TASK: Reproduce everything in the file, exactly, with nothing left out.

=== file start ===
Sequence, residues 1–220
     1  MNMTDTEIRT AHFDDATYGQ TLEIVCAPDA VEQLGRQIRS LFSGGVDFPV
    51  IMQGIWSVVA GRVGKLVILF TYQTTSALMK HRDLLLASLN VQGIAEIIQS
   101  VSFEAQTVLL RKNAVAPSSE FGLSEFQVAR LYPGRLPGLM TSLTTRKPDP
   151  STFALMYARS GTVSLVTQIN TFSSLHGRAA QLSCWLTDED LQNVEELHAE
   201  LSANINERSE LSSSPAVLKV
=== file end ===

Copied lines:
Sequence, residues 1–220
     1  MNMTDTEIRT AHFDDATYGQ TLEIVCAPDA VEQLGRQIRS LFSGGVDFPV
    51  IMQGIWSVVA GRVGKLVILF TYQTTSALMK HRDLLLASLN VQGIAEIIQS
   101  VSFEAQTVLL RKNAVAPSSE FGLSEFQVAR LYPGRLPGLM TSLTTRKPDP
   151  STFALMYARS GTVSLVTQIN TFSSLHGRAA QLSCWLTDED LQNVEELHAE
   201  LSANINERSE LSSSPAVLKV